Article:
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Thursday, 8 December 2011

Agile Iteration Planning


Agile iteration:
Agile iteration is a consistent time-box in which a delivery team plans, delivers and receives feedback on a product increment.

Iterative Development adds agility to the development process. Divide your development schedule into about a dozen iterations of 1 to 3 weeks in length. One week is the best choice even though it seems very short. Keep the iteration length constant through out the project. This is the heart beat of your project.

Take your iteration deadlines seriously! Track your progress during an iteration. If it looks like you will not finish all of your tasks then call another iteration planning meeting, re-estimate, and remove some of the tasks.

Key characteristics of an iteration:
  • Have one goal
  • Focus on completing the tasks derived from user stories
  • Accept the activities based on the capacity of the team

Iteration Plan:
At the start of each iteration - or sprint to use the Scrum term - the team set out what they will do in the next iteration. Since iterations typically last weeks - with two weeks being most common - these plans only peek a little into the future. They are however the most detailed plans, setting out exactly
what the team will do.

The scheduling of work into an iteration plan is a discussion between the team members who will undertake the work and those who are charged with managing the requirements side of the project. Whoever this is, be they Product Owner, Customer, Product Manager, Business Analyst or Project
Manager, proposes some work. Then using a velocity measure or a goal commitment protocol the team agree how much the team can accomplish.
Once agreed the iteration plan is done and the team move to execution. While the Product Owner nominates work to the plan it is agreed with the team through negotiation. Having the whole team involved in the planning removes the need to communicate the plan to the team, explain details and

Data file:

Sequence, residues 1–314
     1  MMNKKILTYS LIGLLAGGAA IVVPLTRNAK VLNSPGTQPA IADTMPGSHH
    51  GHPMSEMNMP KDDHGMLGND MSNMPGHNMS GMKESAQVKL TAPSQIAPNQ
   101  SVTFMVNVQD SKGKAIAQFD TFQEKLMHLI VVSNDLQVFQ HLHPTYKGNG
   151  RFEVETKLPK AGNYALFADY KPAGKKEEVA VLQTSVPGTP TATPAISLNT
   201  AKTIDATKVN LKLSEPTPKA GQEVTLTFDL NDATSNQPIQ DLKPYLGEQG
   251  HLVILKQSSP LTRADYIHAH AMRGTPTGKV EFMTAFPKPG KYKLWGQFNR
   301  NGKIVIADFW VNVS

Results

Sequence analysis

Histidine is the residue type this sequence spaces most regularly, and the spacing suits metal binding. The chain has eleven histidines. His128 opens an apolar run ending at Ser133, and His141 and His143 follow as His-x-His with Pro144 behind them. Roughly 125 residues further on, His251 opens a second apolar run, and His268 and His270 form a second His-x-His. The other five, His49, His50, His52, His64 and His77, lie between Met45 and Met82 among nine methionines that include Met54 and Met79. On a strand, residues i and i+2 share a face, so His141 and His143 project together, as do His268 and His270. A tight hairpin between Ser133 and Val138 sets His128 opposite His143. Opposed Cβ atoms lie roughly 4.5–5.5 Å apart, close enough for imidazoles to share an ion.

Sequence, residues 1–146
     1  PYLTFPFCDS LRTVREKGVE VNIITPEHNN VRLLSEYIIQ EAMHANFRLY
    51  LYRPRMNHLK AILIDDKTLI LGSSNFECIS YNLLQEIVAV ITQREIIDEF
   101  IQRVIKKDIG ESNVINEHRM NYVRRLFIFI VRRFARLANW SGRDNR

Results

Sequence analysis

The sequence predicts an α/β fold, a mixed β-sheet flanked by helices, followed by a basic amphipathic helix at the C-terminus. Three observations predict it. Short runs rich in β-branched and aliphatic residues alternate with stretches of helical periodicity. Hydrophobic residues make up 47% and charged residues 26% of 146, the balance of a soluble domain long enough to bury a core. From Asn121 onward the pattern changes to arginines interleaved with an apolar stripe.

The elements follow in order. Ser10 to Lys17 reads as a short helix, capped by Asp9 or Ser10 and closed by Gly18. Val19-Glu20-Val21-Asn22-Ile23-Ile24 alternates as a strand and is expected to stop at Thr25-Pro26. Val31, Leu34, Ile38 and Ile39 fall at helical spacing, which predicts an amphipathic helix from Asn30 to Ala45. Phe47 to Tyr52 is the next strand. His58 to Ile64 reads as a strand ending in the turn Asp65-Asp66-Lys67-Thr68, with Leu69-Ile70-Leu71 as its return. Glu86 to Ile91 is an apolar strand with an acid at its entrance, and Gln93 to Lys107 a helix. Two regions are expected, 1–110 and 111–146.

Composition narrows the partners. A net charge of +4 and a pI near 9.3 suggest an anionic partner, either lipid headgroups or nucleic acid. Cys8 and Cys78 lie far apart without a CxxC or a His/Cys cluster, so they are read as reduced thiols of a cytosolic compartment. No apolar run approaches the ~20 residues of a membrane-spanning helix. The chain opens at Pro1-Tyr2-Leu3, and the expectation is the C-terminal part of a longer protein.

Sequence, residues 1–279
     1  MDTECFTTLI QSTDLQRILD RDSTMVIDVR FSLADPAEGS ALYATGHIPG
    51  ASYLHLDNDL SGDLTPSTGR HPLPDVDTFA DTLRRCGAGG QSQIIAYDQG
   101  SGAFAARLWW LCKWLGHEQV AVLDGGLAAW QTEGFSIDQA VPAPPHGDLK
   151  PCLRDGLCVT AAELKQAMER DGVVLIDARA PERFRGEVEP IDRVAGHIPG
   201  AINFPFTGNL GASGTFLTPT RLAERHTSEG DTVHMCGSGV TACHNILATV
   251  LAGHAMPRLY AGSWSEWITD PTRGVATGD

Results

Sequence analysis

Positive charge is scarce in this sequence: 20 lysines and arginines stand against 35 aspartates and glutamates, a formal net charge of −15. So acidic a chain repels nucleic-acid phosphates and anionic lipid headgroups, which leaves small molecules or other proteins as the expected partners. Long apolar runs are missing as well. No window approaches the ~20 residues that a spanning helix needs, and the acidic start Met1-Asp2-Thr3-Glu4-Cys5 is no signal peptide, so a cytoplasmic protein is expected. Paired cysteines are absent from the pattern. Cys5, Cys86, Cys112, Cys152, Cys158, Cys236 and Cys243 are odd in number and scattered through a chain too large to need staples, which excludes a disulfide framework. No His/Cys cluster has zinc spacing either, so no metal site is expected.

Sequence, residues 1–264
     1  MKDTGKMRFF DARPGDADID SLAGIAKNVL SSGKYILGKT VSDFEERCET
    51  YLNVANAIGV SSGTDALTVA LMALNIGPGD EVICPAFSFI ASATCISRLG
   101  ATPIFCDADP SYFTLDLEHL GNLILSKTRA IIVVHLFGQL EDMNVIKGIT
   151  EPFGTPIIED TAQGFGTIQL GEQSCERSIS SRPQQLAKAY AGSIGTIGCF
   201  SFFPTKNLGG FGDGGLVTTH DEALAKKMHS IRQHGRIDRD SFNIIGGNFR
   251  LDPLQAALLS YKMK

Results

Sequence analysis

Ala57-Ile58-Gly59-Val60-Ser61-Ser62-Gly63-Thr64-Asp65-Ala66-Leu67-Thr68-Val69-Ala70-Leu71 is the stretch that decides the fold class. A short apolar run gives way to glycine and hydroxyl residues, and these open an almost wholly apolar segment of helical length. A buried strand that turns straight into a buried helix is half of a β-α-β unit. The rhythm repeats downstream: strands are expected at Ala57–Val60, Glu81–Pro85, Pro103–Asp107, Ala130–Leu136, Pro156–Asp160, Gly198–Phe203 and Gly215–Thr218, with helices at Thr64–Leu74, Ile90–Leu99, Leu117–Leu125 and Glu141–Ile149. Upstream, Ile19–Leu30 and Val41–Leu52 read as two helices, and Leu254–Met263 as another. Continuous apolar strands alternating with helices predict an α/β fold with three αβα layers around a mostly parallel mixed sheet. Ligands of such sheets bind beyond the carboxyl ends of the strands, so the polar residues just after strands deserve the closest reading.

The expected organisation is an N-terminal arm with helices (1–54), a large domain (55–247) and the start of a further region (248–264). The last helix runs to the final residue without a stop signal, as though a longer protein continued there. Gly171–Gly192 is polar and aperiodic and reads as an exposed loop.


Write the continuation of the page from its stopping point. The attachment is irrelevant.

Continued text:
enthuse the team about someone else's plan.
Once agreed the iteration plan is owned by the team and it is their collective responsibility to carry it out. Since the plan only looks at the next few weeks it is unlikely to change much. Indeed, when it does change drastically it is usually a sign of problems. When this happens regularly it is a sign that action needs to be taken.

Iteration planning steps/life cycle:


  • Select Iteration goal
  • Determine delivery team capacity
  • Select the highest priority backlog item
  • Estimate tasks
  • Repeat until no more can be committed
Product Owner Responsibilities
  • Review the release plan to make sure the vision and goals are still appropriate.
  • Review the items in the backlog and reprioritize if necessary
  • Understand how the reprioritization may affect other teams who are dependent on a deliverable committed to during release
  • planning. Coordinate with other product managers as needed to resolve dependency issues.
  • Understand the customer needs and the business value that each story is to deliver.
  • Be prepared to further elaborate on the details of each story.
Development Team Responsibilities
  • Review the top priority items in the backlog and prepare any questions